The Salvation Army relies heavily on the money it raises during its holiday kettle drive to fund its operation the rest of the year. That’s why officials are concerned about the thin collection numbers thus far.

Will Becker with the Salvation Army says it looks like the donations are coming up short this year.

“This year it seems like we’re kind of down across the board and I still think it’s some of the effects from the economy. Last year we were talking at this time about how things looked like we were trending up and things were getting better. This year it seems like things haven’t gotten better and so I think people are kind of holding on to their money a little bit,” Becker said.

He says the economy is hurting the Salvation Army in more ways than one.

“Unfortunately the need’s not trending down, the need definitely increasing. Every day there’s more and more people coming to the Salvation Army for help. Some of them were donors in the past and are now needing a hand up,” Becker said.

Becker says he hopes these last couple days before the end of the drive are very fruitful, as they’ve sometimes been in the past. He says the proceeds are needed for important programs.

“Those after-school programs, camp programs; programs that help people with mortgage and utility assistance and keeps people in their homes and off the streets; and helping drug addiction. The Salvation Army has hundreds of programs in each of these individual communities around Missouri that people rely on and that’s what a lot of this funding that comes through the kettles goes to support,” Becker said.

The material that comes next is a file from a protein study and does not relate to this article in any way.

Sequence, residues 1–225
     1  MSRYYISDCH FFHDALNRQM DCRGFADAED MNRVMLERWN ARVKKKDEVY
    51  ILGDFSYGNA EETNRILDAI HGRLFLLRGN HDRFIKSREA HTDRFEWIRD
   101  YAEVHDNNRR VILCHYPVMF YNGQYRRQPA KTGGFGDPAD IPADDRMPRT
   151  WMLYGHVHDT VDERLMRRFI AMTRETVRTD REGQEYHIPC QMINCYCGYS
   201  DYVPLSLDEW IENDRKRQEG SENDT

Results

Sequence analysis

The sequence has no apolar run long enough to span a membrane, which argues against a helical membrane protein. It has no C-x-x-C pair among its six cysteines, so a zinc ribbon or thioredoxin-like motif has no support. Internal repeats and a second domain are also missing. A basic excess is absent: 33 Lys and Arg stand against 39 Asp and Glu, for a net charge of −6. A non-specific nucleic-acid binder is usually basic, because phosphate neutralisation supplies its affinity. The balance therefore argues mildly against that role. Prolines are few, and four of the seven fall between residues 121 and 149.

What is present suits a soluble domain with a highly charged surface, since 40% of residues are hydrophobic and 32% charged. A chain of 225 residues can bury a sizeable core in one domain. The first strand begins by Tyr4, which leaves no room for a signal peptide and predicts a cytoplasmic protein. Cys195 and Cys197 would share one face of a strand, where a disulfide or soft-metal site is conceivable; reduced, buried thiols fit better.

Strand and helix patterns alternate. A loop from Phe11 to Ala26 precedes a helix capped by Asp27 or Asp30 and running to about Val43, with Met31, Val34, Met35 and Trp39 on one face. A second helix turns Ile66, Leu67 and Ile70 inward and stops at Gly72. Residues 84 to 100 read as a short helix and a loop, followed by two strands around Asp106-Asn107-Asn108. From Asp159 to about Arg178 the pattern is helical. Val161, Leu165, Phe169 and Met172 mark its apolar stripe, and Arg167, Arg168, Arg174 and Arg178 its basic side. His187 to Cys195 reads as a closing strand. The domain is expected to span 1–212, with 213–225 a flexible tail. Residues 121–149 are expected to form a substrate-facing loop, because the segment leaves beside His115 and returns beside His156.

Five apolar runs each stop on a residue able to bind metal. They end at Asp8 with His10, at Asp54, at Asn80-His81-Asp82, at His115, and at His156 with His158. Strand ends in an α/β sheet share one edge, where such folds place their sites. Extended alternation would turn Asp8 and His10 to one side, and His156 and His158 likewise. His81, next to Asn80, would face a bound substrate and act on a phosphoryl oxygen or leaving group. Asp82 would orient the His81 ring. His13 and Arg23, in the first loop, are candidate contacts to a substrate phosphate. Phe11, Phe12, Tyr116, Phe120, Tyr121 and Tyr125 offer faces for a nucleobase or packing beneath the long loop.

He says if the drive does end up coming up short, the Salvation Army will have to adjust accordingly.

“I think you always have to re-evaluate where you are after a campaign if it doesn’t meet your goal or expectations. It’s not an inflated goal, I mean the money we raise during Christmas is what we need to operate a lot of programs and service and assistance. So after Christmas, a lot of that stuff will get re-evaluated and we’ll see where we’re at,” Becker said.

Becker says, on the bright side, the drive has seen some special donations this year. A ‘Secret Santa” in Joplin donated $100,000 in one kettle, and gold coins have turned up in several kettles across the state.

The kettles and bell ringers will be outside of retails stores throughout Missouri until Christmas Eve.

AUDIO: Ryan Famuliner [1 min MP3]